The sonic landscape is an eclectic backdrop that does not overshadow the poems, but actually accentuates the subtlety and precision of Williams’ words. The poet and producer here have an excellent chemistry and this is obvious for both albums. Unsettled Water tackles heartbreak, parenthood, racial politics and rite of passage in thoughtful tracks. The opening piece, “Emmett Till visits Money, Mississippi,” reflects on the South, the Civil Rights era and if things have ever really changed. The music throughout the record moves from bouncy jazz, light electronica and the smoothness of neo-soul. In “House Party,” Williams reminisces about his musical youth and “groove gladiators” in a spirit that fans of Cooley High and What’s Happening!! could appreciate. Williams’ vocals are strong and melt well with the music.
River and Moan reincarnates Pablo Neruda for the 21st Century. Pieces like “Do You Want to Kiss Me,” harken back to Neruda taking long walks with his wife on the beach. Rather than Neruda though, it’s Williams realigning his lover’s emotional equilibrium. He reflects that, “She Only Loves Me on Wednesday.” In pieces like “Devastated Girlfriend #2170,” Williams wonders why love doesn’t live here anymore. Williams examines his pillowcase and decides not to change his sheets because they are a signpost to how it used to be. He wonders how she can still sleep while they both try to move on. Anyone that has ever endured a difficult breakup will be able to identify with the episode he describes.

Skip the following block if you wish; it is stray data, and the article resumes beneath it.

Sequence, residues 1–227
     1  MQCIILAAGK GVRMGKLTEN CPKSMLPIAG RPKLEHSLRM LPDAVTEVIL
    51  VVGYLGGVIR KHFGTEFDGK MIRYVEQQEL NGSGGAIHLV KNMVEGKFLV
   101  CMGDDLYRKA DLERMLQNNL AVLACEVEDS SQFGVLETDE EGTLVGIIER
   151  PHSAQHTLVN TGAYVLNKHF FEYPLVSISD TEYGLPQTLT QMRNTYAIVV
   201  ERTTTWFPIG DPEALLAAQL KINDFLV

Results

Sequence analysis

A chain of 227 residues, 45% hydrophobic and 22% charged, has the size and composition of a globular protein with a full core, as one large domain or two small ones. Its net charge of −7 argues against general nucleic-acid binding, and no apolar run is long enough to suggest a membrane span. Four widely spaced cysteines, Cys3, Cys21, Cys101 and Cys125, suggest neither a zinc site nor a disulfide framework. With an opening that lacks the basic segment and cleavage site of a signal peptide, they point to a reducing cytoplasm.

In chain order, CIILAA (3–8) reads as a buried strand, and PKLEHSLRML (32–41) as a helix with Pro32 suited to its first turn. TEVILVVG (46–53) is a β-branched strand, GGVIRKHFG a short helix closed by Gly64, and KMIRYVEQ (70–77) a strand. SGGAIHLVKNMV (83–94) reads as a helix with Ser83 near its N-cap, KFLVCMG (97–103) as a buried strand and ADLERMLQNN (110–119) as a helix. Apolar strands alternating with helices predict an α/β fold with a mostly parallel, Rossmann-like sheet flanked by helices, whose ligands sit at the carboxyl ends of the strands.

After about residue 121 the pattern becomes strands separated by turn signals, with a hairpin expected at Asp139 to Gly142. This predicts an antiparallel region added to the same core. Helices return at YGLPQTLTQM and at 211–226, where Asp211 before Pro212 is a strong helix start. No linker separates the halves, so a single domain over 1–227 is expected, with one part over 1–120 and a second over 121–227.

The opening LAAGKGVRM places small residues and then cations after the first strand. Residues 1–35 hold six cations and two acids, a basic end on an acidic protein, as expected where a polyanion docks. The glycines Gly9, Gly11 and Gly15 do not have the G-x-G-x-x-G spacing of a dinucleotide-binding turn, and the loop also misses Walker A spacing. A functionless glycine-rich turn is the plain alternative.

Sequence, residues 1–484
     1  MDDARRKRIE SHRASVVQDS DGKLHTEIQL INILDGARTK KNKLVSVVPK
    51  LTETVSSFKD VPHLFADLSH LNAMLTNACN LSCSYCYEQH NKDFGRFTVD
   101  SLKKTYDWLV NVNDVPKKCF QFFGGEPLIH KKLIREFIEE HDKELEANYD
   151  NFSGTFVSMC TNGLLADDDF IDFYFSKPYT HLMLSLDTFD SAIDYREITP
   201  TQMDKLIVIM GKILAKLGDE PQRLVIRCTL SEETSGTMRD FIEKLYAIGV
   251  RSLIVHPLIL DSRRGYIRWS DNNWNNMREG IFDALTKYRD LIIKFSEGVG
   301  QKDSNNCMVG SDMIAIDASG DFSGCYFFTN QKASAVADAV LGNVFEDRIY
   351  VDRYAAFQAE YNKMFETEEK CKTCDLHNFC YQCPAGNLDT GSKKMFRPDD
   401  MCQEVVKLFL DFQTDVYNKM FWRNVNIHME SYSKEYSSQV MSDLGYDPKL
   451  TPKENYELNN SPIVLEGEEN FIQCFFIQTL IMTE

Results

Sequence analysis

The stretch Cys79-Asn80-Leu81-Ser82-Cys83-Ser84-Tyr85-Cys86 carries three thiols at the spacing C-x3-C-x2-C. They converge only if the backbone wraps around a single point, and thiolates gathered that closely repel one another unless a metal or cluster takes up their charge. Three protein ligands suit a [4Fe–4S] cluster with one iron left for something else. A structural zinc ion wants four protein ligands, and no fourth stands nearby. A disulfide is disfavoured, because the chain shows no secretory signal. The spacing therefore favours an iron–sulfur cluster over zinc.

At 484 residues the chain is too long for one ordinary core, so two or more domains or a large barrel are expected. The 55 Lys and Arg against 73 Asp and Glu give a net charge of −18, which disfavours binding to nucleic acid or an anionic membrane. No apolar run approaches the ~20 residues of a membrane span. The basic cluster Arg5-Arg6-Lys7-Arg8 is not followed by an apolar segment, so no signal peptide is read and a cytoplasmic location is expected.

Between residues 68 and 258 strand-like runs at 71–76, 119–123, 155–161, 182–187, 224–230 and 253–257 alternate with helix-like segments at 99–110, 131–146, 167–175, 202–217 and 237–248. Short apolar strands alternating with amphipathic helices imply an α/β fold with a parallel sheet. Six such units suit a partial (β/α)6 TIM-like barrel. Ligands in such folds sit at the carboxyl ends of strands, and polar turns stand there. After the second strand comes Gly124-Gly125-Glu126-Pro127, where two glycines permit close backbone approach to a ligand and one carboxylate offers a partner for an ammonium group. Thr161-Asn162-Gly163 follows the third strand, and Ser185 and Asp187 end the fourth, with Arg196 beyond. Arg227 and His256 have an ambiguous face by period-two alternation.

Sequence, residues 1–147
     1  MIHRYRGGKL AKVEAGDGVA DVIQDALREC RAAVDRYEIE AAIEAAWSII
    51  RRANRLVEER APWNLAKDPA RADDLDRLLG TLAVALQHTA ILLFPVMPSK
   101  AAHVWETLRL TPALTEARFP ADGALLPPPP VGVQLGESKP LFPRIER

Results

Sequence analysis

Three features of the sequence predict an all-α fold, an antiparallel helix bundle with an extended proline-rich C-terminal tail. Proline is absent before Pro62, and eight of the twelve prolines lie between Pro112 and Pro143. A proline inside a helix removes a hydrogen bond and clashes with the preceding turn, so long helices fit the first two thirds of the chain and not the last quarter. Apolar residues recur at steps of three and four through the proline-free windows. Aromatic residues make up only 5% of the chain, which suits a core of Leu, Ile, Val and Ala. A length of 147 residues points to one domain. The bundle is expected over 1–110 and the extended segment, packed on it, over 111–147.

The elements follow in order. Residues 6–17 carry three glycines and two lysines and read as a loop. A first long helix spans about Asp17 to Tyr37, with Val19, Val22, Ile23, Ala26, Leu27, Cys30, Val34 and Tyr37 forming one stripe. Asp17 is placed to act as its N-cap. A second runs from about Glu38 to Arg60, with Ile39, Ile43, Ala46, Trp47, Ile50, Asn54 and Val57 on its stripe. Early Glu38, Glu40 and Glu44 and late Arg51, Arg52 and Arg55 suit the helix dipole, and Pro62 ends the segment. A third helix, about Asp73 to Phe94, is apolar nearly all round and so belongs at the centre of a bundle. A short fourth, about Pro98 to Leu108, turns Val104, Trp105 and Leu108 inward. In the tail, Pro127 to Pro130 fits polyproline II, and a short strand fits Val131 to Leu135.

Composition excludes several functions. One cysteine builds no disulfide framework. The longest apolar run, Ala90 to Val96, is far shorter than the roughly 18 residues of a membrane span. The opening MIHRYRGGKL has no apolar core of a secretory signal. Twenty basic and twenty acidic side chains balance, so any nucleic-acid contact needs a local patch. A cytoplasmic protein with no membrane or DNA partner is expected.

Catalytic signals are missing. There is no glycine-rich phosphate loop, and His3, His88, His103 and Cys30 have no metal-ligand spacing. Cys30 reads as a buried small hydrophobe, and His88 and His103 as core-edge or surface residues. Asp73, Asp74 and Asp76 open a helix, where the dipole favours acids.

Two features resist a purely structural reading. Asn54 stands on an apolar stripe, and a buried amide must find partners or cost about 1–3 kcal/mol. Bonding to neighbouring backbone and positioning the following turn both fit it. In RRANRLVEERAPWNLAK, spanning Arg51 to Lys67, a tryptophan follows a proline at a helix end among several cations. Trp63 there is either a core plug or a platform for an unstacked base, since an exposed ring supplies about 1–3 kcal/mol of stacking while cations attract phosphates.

The piece, “Walls,” has a funky soundscape that commingles nature’s first fruit with boundaries that have no ceiling. Williams climbs Everest to come back down again and bring the walls down one more time. His metaphors move from the walls of Jericho to the Great Wall of China with an “incandescent momentum of lightning.” He has found where Eden exists. In between the sensual imagery, there are a few lines that are both humorous and deeply poignant. The production quality is first rate and the emotional depth extends consistently through both records. There are elements of melancholy and contemplation, but the poems contain enough optimism and laughter throughout that the message ultimately delivers the listener back home more enlightened. Conney D. Williams has recorded two excellent albums that offer a candid window into his soul.
There’s even more to tell. Founder of Writ Large Press, Chiwan Choi, will be offering another edition of his Ghostmaker series at Elysian Park on May 30th. The Ghostmaker project is a series where Chiwan writes a chapter of his book Ghostmaker every other month, which he presents in various sites across Los Angeles County. After Chiwan reads publically, each chapter must be destroyed and no textual or auditory documentation retained. In place of the original writings, Katz’s Deli is contracted to gather and construct a text composed of witness testimony from each event, resulting in a new communal manuscript called Ghostmakers.
By connecting the production, destruction, and reproduction of a book to months of the year and areas of Los Angeles, Chiwan Choi and Katz’s Deli ask, what would it be to spatialize a manuscript, both geographically and socially? Chiwan Choi demonstrates the immediacy of the moment. If a poem echoes through the forest, does anybody hear it? The Ghostmaker series aims to find out.
As this column demonstrates, every month is National Poetry Month. Get out into the city and see for yourself. Salute to Sonia Sanchez, Ojenke, Conney D. Williams and Chiwan Choi for keeping the city inspired.